Securing Kubernetes: The Paranoid Guide


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It's a sunny May afternoon in a Barcelona KubeCon. Liz Rice is on the stage discussing penetration testing in Kubernetes.

She says that one of the reasons why you might want to do penetration testing is stories such as this.

In 2018, Tesla left their Kubernetes Dashboard open to the internet. The Dashboard has cluster-admin privileges.

They were hacked, and the end result was their system was used to run cryptocurrency mining malware.

"The hackers had infiltrated Tesla's Kubernetes console, which was not password-protected," RedLock researchers wrote. "Within one Kubernetes pod, access credentials were exposed to Tesla's AWS environment, which contained an Amazon S3 (Amazon Simple Storage Service) bucket that had sensitive data such as telemetry."

It was a big headline and one that prompted the larger Kubernetes industry to focus more on security.

But why?

How did one of the biggest tech companies in Silicon Valley got hacked?

Is it simply a human issue? Or is there more to Security in Kubernetes?

I'm your host Kassandra Russel, and today we are going to talk about Security in Kubernetes.

We will examine the differences between securing a traditional environment and a container-based environment.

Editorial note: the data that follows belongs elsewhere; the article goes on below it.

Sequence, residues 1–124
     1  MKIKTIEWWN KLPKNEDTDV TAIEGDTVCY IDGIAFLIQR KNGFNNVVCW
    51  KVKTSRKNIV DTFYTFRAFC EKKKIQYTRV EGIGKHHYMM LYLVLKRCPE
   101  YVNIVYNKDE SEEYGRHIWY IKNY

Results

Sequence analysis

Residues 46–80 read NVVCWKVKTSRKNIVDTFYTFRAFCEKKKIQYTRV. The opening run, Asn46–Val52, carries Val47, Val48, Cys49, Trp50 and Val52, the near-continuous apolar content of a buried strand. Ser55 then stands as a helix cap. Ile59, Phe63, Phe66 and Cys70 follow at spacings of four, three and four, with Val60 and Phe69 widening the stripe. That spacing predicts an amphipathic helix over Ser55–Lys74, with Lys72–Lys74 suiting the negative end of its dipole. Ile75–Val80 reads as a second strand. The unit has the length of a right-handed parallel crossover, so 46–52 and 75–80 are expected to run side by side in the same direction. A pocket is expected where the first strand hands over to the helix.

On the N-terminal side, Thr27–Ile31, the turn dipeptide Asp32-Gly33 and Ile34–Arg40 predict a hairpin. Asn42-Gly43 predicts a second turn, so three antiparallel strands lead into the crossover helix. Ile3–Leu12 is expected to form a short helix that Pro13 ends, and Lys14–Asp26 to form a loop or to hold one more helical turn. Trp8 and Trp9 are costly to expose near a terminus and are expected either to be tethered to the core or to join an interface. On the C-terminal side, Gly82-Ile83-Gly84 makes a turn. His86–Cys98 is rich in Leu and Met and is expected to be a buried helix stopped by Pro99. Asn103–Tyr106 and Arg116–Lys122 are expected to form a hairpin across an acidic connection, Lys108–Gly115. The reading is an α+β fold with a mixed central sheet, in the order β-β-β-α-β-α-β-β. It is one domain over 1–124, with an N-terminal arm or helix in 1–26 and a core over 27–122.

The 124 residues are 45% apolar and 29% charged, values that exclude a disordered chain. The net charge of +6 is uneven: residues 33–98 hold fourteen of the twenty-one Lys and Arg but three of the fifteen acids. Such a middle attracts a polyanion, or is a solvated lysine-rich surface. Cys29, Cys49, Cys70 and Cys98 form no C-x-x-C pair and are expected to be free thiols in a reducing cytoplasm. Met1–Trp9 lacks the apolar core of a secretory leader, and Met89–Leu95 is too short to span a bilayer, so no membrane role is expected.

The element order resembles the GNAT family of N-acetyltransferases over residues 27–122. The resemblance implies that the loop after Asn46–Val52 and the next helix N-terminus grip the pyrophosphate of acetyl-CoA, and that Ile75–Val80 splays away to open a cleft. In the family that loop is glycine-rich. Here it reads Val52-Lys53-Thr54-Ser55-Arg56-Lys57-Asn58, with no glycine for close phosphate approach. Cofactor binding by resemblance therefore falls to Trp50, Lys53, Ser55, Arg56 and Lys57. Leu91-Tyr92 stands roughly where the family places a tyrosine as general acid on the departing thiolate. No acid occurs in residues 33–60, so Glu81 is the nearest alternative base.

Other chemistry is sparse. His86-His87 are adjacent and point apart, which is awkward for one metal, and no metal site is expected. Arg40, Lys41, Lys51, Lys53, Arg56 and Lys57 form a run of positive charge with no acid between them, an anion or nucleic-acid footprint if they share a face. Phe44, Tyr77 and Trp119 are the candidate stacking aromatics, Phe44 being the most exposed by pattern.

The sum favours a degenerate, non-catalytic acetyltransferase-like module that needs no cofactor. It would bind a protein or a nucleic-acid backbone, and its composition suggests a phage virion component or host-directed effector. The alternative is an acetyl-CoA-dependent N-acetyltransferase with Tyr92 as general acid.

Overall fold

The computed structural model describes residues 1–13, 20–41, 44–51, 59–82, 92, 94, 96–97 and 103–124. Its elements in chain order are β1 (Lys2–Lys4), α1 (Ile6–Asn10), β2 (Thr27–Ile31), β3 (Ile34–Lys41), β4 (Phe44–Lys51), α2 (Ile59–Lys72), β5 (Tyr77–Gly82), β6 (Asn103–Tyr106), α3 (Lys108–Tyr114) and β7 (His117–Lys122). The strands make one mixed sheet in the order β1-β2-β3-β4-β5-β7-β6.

Next, we will discuss industry standards and emerging thought patterns around security.

And finally, we will go through some of the best security practices and general security advice for production workloads in Kubernetes.

Before diving into all of this, we’ve been busy during the last weeks working on a new project. If you like this podcast, you will certainly like the new project, it’s a surprise, we are going to talk more about it in the future. In the meantime, you can subscribe to the podcast announcement list, we will announce it soon.
Back to the subject at hand, remember the two generals' problem from one of our previous episodes?

It's a classic thought experiment exposing an unsolvable problem and demonstrating the design challenges of distributed systems and the pitfall of reaching consensus over a lossy network.

If you are interested in knowing more about this, we recommend you listen to our 5th episode “The Ubiquity of Kubernetes”.

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